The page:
By Jake Knabel, Sports Information Director
SEWARD, Neb. – Growing up in Kilkenny, Ireland, Concordia men’s soccer graduate assistant coach Benny Hanaphy lived and breathed soccer. The game is what brought him to America on scholarship at nearby York College, where he would star as an NAIA All-American. But the game of football? Now that felt foreign to Hanaphy.
“I knew very little about football,” Hanaphy said. “I knew (the U.S.) had a Super Bowl and that there was a football (video) game called ‘Madden,’ but I couldn’t understand why they called it football when they don’t use their feet.”
Yet somehow Hanaphy found himself debuting as a kicker for the Lincoln Haymakers on April 26. A YouTube video of Hanaphy drilling kicks inside Bulldog Stadium as far out as 52 yards caught the eye of a Grand Island indoor football team, the Nebraska Danger. Soon after playing two games for the Danger, Hanaphy was contacted by the Haymakers, a first-year squad in the Champions Professional Indoor Football League (CPIFL).
The 6-foot-2 football rookie used his powerful and accurate left leg to become a fixture at the end of the season for the Haymakers. In a league with exceptionally narrow uprights (10 feet wide compared to 23’ 6” for college), Hanaphy nailed 8-of-18 field goal tries and went 12-for-16 on PATs. His field goal percentage of 44.4 was not far off the league leader.
The kicking part came natural, but the football uniform complete with a helmet and pads did not.
“It was awkward,” Hanaphy said. “The helmet was heavy and obscured my vision. The pads made it hard to swing my arms like I wanted to, but after the warm-up I got used to them. I was a bit nervous, but mostly because I wanted to do well for the team, due to being so new.”
Adapting to a new game and sporting culture, Hanaphy knocked in three field goals in his first game, helping the Haymakers to a 46-40 victory over the Oklahoma Defenders. Two weeks later he connected on the longest successful field goal of any Haymaker kicker in 2013, converting on a 42-yard field goal.
Not bad for someone who had never played the sport before. While his style may look unorthodox compared to kickers who were groomed to play football, Hanaphy has developed a routine that works for him.
“Most kickers have prescribed steps,” Hanaphy says. “I just back up three-four steps diagonally and go and kick it. It's more natural for me. I don't think the robotic style would help me at all.”
Bulldog defensive coordinator Patrick Daberkow stood in as holder for the YouTube video that helped Hanaphy land with the Haymakers. Hanaphy was so impressive kicking the pigskin that Concordia football coaches were ready to offer him a spot on the roster, however, he had used up his playing eligibility at York.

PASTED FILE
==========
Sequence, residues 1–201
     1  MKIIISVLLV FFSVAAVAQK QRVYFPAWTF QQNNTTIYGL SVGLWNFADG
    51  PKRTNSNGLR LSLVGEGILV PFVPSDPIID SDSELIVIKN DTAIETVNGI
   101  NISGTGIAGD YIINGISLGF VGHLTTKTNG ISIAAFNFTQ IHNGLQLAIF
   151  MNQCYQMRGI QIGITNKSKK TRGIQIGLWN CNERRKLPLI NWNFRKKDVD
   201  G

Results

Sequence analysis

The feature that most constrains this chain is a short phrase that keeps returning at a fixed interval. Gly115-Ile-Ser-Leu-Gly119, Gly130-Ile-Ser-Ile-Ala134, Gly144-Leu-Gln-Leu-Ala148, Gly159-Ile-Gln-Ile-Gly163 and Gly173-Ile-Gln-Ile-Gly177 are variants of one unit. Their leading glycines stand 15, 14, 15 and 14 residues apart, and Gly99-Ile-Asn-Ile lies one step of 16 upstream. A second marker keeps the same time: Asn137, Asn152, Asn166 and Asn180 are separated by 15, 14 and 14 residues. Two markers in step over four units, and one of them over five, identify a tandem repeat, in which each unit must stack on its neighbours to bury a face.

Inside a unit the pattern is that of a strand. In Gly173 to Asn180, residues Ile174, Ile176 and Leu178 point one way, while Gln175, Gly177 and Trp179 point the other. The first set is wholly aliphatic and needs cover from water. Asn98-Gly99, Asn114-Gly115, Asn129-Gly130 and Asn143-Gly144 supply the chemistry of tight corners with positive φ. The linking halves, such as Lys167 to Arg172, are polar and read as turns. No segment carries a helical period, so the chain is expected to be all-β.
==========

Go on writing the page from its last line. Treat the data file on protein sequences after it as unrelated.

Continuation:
Instead, Hanaphy caught on with the fledgling Lincoln indoor team. Even though he possessed little understanding of the game, Hanaphy, carrying his charming Irish accent, was greeted warmly by his new teammates.
“They were very welcoming,” Hanaphy said. “They knew I could kick a ball but also knew that I was new to the game and would need some help with the rules and procedures. They really looked after me and made me feel included from the start.”
The welcoming atmosphere allowed Hanaphy to find comfort in what seemed like a strange game. He liked the experience in his four games so much that he just might find himself in the Haymaker uniform again next spring.
“They've already asked me to sign for next year so that's very flattering,” Hanaphy said. “I'd love to play again. This past season was mainly to get my foot in the door and get asked to play a full season next year.”
However, soccer is still Hanaphy’s primary passion. He will serve one more season on Bulldog head men’s soccer coach Jason Weides’ staff while completing his master’s degree. The next step will be to obtain a head coaching position of his own, likely within the United States.
“I really like the competitive nature and professional training and recruiting environment of the college soccer scene in America so I'd love to stay and coach there,” Hanaphy said. “Hopefully I can get that chance once I'm finished at Concordia after this upcoming year.”
According to Weides, Hanaphy is on track to reach his career goal.
“He would be great as a head coach,” Weides said. “He definitely has a knowledge of the game. He’s a student of the game. From a training aspect, he knows how to train players to get the maximum out of them. He knows how to build relationships. He’s good socially. He’s good with our players. Our players love him. He’s one of those guys that fit it from day one.”